Things settle down after that, with the Bellini selection being tranquil and serene as well as luxurious. And so it goes. The Carafa aria is dramatic and emotive in a largely subdued manner; Rossini is Rossini: robust and showy, with big outbursts from the singer and orchestra; likewise, Donizetti is Donizetti: lightly romantic, lilting, and melodious, with an especially persuasive use of a keyboard glass armonica; and so on.
Throughout every track, Ms. DiDonato shows her mastery of the material. It's a beautiful album from an artist at the top of her game, even though I am not particularly partial to opera and would have preferred a complete opera rather than bits and pieces of things.
To complete the package, Erato/Warner Classics provide a generous booklet of commentary and librettos, plus a light cardboard slipcover for the jewel case.
The orchestral sound is quite dynamic, with strong impact when needed. It also appears nicely balanced--among the instruments themselves and with Ms. DiDonato's voice. The all-important voice is smooth and rounded in a very natural way, sounding most lifelike. I would have liked to hear a bit more depth to the orchestra and chorus, though, which tend, at least at times, to sound in the same plane as the soloist. Well, maybe they were; what do I know. Anyway, the sound is good for a vocal recording: not at all bright or edgy in the loudest passages.
John J. Puccio
The title piece is a world premiere recording by Pacini from his opera ‘Stella di Napoli’. Other world premieres include Carafa’s ‘Le nozze di Lammermoor’, and Valentini’s ‘Il sonnambulo’. Needless to say, Carafa and Valentini’s works offer alternative versions to the delectable Donizetti and Bellini compositions, yet they are here, heard for the first time to great effect. Another ‘alternative’ to a lessor known work is Mercandante’s ‘La vestale’, after Spontini’s early 19th century piece revived last century by Maria Callas.
The bel canto ‘regular’s Bellini, Rossini and Donzietti are well represented, as well as Pacini. Of particular significance is Bellini’s popular Dopo l’ocuro nembo from ‘Adelson e Salvini’, and his aria for Romeo from ‘I Capuleti e I Montecchi’. While Elīna Garanča recorded the former Bellini piece in her earlier ‘Bel Canto’ album, Didonato’s assumption of this piece offers interesting and good comparison, even with the best of the best versions (Caballe’s comes to mind). It is a great shame that Didonato’s superb portrayal of Romeo in the latter piece (with Anna Netrebko as Giulietta) was not formally released. Here the aria ‘Deh! Tu, bell’anima’ was sung superbly by Joyce. The other significant piece is of course ‘Maria Stuarda’ of Donizetti, a role that Joyce has assumed to great critical acclaim and available on DVD but not on CD yet.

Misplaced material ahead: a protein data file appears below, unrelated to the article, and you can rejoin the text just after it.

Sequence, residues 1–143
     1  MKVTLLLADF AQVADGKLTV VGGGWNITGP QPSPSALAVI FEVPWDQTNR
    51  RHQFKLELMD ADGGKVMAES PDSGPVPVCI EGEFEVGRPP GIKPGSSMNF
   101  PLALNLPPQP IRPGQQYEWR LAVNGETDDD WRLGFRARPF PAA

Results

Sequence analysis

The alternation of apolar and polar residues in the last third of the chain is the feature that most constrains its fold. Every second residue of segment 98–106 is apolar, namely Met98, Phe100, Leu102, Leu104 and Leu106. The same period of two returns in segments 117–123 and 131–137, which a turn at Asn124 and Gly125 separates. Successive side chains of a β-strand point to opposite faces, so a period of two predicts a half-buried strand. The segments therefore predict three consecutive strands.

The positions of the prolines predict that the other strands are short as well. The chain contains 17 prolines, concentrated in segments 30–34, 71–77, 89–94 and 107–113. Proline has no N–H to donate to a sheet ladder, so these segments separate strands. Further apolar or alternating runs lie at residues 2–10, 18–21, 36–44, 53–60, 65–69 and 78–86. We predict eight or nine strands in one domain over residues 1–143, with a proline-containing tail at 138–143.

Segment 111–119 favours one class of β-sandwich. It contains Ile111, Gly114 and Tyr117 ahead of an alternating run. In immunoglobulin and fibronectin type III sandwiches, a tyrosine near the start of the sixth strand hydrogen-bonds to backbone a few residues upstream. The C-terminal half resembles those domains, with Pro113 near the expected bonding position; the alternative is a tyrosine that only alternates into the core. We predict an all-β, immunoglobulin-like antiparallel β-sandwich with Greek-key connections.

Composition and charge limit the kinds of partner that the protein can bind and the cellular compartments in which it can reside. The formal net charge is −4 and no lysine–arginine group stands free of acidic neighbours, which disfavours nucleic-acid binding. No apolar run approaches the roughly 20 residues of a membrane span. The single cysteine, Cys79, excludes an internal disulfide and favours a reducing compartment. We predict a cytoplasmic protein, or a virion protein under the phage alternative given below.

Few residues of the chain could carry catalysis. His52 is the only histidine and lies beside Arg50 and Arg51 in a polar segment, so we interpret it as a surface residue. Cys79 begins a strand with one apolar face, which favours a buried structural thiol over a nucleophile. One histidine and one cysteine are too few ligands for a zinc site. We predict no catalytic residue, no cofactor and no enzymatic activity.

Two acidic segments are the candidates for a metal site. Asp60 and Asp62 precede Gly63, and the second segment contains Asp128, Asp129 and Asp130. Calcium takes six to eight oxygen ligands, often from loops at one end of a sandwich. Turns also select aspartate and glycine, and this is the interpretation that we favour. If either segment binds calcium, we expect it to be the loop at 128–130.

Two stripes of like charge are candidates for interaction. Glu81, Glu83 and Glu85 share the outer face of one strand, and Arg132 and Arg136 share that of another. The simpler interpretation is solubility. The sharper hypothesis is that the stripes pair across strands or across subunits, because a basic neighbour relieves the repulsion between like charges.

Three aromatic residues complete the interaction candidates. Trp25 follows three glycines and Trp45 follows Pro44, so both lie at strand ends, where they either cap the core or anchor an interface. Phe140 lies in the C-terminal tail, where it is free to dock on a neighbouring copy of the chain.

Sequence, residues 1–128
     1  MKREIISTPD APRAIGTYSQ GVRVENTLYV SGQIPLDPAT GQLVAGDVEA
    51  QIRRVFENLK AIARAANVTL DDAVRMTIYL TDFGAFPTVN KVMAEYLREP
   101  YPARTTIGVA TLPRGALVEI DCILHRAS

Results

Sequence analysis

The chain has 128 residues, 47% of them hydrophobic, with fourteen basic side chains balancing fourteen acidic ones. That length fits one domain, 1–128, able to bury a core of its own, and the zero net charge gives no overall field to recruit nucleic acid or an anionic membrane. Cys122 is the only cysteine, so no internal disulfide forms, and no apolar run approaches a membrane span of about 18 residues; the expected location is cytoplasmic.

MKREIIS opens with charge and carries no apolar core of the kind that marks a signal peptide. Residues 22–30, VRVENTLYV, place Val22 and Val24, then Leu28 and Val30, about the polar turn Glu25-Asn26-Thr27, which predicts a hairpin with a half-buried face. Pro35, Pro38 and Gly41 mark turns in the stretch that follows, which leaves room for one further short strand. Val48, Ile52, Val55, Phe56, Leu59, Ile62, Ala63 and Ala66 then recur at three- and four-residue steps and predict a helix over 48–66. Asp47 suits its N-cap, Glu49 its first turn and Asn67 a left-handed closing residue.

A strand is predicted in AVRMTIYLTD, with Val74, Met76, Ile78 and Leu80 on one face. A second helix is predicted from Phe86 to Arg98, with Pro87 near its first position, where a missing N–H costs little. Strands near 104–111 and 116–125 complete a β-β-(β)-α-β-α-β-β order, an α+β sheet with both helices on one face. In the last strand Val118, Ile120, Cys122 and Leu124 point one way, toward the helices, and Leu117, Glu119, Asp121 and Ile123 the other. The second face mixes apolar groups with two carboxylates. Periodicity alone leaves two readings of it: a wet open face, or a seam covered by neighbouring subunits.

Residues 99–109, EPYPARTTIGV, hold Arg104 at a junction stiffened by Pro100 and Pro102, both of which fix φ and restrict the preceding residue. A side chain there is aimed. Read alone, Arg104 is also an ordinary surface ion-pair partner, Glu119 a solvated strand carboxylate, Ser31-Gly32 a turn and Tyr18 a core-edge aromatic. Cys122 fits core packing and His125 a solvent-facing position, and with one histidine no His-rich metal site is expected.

The premiere editions strike one as being novel yet somewhat unpolished in parts, but they are nonetheless marvelously performed by Didonato, while her vocal partners may be somewhat more variable, as in the ‘Zelmira’ excerpt. Even so, listeners can rest assured that in this album we hear Joyce Didonato at her very best – the voice is lusciously lyrical, agile, expressive, and encompasses a staggeringly wide range (for a lady singer) of over 2.5 octaves. The pieces also call for ‘duets’ with instruments, and Didonato pulls them off with instrumental precision in all respects. The intonation is perfection itself, the ornaments jawdropping with trills that rivalled that of Joan Sutherland and Monserrat Caballe’s. With her assumption of a repertoire for the more low lying lyrical soprano voice, Didonato has out did herself in discovering a timbre that is of rare beauty even among full-fledged lyrical sopranos.
As Joyce herself said in interview, audiences do look forward to a sequel to this wonderful bel canto outing.